Preparing for a recession

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77% of American adults believe a recession is coming in 2022, but few understand what that will mean for our everyday lives. Barry Bigelow shares exactly what people need to know when preparing for a recession.

The technical definition of a recession is negative economic growth for two consecutive quarters, which is measured using the gross domestic product (GPD). Many people associate recessions with the stock market crashing, which often happens, but in reality recessions affect every area of the economy. A recession can include businesses closing, supply shortages, decreased spending, banks failing and high unemployment rates. As scary as it can sound, recessions are a natural part of our economy; there will always be times of growth and decline.

The Great Recession that started in 2008 was largely caused by bad credit in the housing market and bad bank balance sheets, and the recovery took years. Our current economic struggles are different, and the majority of economists (63%) are still hopeful the Federal Reserve’s interest rate hikes could calm our inflation crisis without pushing us into a recession. The Fed’s interest rate hikes might overcorrect, though, and push consumer spending and borrowing down too much. The job market is booming, with an unemployment rate of only 3.6%, but experts worry the high wages and benefits companies are offering to get new hires will drive inflation higher. On Wall Street, we’ve been seeing volatile markets all year and supply chain issues have only been emphasized by the conflict in Ukraine and ongoing Covid-19 issues. With all of these factors, a mild recession might be coming, so it’s important to have a financial plan that can withstand a recession.

We should prepare our finances in a few different ways, the first being to plan for your expenses. Start by having a clear understanding of what amount of money you need to live off of. Add up your necessary expenses like housing, food, utilities and transportation to get a better picture of how much income you need to be generating. Since it’s hard to know how long a recession will last, I recommend making sure you have enough liquid assets to account for three years of income. That means money you can immediately have access to, like cash or a savings account. Your liquid accounts should also include emergency savings, which is 3-6 months worth of expenses set aside for emergencies like potential layoffs that can happen in a recession.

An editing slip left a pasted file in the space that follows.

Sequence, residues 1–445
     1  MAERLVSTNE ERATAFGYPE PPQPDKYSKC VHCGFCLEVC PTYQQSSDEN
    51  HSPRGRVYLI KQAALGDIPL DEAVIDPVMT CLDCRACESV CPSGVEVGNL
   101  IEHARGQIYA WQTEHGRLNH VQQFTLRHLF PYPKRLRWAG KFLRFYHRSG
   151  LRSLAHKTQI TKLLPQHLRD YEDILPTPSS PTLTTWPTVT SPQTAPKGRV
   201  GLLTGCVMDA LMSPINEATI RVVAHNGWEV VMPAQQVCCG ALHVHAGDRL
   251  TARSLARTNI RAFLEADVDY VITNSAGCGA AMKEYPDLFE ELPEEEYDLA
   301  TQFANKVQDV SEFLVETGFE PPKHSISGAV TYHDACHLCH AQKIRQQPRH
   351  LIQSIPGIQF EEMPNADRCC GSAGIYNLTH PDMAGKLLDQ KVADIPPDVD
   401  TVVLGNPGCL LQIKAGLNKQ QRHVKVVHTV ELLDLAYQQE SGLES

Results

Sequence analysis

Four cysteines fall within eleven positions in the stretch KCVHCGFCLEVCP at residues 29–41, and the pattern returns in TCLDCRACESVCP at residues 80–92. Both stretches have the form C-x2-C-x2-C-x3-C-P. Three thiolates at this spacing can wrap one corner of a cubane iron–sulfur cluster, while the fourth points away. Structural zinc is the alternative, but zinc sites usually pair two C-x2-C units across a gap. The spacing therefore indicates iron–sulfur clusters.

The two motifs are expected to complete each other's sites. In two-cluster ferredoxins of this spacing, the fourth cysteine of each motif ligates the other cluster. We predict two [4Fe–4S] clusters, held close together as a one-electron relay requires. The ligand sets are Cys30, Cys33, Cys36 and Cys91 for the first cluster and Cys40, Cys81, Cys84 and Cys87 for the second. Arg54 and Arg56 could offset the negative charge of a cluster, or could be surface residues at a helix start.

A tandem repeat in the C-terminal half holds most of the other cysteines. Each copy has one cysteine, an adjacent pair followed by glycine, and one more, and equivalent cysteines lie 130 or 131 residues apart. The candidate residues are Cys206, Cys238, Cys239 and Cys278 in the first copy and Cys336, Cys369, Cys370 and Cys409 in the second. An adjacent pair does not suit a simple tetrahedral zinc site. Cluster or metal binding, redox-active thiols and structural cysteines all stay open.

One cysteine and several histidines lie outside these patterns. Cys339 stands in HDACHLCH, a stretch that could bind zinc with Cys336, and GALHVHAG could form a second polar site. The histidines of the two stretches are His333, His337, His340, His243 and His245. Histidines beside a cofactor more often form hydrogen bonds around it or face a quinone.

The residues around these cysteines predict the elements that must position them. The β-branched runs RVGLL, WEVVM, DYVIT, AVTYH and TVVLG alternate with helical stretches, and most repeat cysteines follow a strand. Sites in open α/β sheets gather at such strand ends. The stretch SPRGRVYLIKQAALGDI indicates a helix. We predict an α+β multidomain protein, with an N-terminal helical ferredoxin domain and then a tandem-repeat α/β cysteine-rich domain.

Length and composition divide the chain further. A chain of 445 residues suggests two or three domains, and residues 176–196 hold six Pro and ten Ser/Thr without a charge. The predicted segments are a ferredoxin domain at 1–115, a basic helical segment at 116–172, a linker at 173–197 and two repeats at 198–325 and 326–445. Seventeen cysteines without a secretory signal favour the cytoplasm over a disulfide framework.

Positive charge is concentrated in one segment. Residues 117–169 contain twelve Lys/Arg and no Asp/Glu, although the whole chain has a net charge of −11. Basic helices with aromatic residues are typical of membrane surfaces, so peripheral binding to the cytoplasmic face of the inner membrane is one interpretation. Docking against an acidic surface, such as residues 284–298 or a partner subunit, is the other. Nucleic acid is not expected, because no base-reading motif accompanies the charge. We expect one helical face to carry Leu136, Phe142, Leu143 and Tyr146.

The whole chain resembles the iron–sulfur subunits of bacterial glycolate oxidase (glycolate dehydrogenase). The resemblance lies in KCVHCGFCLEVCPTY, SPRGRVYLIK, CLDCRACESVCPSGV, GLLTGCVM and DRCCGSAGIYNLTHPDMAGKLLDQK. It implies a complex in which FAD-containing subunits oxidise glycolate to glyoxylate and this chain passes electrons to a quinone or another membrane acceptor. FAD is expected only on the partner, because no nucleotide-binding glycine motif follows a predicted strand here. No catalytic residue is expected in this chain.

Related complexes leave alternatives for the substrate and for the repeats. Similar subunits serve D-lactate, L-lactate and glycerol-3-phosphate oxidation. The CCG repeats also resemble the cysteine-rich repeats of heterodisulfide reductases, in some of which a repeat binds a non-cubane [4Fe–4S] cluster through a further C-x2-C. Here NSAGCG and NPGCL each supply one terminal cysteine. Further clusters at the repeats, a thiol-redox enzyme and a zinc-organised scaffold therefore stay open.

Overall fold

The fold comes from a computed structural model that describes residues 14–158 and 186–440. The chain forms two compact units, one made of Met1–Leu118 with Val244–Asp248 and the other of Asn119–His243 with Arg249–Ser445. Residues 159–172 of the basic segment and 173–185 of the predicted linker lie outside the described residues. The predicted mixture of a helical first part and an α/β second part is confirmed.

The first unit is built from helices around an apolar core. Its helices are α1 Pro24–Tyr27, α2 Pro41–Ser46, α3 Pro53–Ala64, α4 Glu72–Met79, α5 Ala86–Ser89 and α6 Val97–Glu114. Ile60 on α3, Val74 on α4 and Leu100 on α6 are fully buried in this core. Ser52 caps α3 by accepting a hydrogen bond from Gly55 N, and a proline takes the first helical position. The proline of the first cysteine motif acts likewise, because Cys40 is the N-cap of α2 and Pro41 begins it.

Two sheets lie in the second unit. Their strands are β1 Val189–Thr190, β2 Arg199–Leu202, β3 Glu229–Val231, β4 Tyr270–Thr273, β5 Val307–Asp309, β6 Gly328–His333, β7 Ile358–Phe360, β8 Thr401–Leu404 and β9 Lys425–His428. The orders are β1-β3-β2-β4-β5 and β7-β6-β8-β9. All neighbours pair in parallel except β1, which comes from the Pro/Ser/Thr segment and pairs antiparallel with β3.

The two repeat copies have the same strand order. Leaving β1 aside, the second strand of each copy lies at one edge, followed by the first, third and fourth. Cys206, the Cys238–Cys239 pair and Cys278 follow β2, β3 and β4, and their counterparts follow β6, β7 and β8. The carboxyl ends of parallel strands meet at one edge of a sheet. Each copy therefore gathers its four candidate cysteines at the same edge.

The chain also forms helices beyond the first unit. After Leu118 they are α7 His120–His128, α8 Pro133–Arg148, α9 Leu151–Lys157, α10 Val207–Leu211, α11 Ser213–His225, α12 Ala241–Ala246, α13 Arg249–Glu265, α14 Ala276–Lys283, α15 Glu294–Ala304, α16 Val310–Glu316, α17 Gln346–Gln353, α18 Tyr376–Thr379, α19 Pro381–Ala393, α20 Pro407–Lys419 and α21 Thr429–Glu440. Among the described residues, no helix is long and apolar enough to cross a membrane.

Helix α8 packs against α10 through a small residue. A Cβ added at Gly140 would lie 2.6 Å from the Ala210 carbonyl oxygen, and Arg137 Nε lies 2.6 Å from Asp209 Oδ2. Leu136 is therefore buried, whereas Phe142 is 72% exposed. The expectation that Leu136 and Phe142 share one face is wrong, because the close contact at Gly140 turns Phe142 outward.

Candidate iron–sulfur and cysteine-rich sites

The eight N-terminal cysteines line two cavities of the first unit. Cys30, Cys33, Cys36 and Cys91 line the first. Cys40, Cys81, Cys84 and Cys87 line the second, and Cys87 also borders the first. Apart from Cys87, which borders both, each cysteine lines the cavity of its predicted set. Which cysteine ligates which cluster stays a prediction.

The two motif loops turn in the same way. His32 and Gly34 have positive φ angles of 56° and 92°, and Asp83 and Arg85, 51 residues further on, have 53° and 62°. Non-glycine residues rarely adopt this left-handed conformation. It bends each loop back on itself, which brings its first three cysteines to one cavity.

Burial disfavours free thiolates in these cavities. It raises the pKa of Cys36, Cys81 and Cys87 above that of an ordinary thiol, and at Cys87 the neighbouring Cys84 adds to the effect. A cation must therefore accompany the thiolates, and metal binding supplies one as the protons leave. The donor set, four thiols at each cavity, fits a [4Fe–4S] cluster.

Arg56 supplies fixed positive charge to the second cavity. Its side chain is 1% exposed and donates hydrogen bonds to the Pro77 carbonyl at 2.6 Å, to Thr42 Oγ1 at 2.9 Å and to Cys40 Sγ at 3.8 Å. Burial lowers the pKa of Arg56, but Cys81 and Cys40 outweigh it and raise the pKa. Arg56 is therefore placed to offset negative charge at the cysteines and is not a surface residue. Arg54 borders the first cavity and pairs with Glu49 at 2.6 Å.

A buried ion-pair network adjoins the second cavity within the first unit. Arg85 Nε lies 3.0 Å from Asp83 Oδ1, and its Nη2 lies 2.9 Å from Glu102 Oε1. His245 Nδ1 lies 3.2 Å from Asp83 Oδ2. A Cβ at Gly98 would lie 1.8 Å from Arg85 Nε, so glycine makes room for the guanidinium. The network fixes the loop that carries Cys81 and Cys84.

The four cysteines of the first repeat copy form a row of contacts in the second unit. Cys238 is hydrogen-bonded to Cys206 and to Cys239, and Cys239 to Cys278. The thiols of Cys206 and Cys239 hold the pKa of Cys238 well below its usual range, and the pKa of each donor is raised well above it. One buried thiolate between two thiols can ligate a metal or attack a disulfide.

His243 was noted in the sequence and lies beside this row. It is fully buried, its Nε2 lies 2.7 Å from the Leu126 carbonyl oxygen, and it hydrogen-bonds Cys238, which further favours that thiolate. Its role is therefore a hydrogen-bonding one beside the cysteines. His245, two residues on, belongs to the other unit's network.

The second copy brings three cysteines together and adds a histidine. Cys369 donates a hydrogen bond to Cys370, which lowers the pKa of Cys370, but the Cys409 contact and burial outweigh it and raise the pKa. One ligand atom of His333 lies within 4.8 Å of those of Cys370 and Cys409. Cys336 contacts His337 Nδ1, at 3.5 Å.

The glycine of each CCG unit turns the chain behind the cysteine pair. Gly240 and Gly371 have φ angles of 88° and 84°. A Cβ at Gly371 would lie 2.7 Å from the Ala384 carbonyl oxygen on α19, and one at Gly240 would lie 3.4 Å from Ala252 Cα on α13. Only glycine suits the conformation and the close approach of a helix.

The next tip is to understand your season How you should prepare for a recession is largely dependent on what season of life you’re in. Ask yourself, how close am I to needing my retirement dollars? If you’re 10 or more years away from retiring, a good plan of action is likely to hold steady and wait it out, because historically we know recessions end and give way to a period of growth. For those with time on their side, investing more dollars while the market is low will allow you to capitalize on major gains when the market is back on the upswing. It might mean forgoing a vacation or big expense this year, but it’s wise in the long run to invest in a down market.
If you’re five years out from retirement, you’ll likely want to move your investments where they’re less volatile and reallocate funds from any high risk investments.

If you’re in retirement and using those dollars, Barry recommends segmenting. You should have income for three years in liquid assets, like cash or savings accounts, to make sure those dollars are accessible for your immediate expenses. Other investments should be put into low-risk investments that can still realize some gain, even while the markets are down, without putting your money at risk.

We can’t predict the future, but we can look to the past for more information. The average length of a recession between 1945 and 2009 was 11 months. There’s no exact timeline for a recession, but there are a number of triggers that can bring us out of one, depending on what started the downturn in the first place. Getting inflation under control, filling jobs without inflating wages and getting interest rates to normal levels will help our economy return to normal, all of which take time. Keep in mind we’re in a world-wide economy now, so what happens in Ukraine and other parts of Europe affects our economy in America. It’s impossible to predict when and for how long a recession will hit, which is why it’s important to have a financial plan to withstand economic downturns.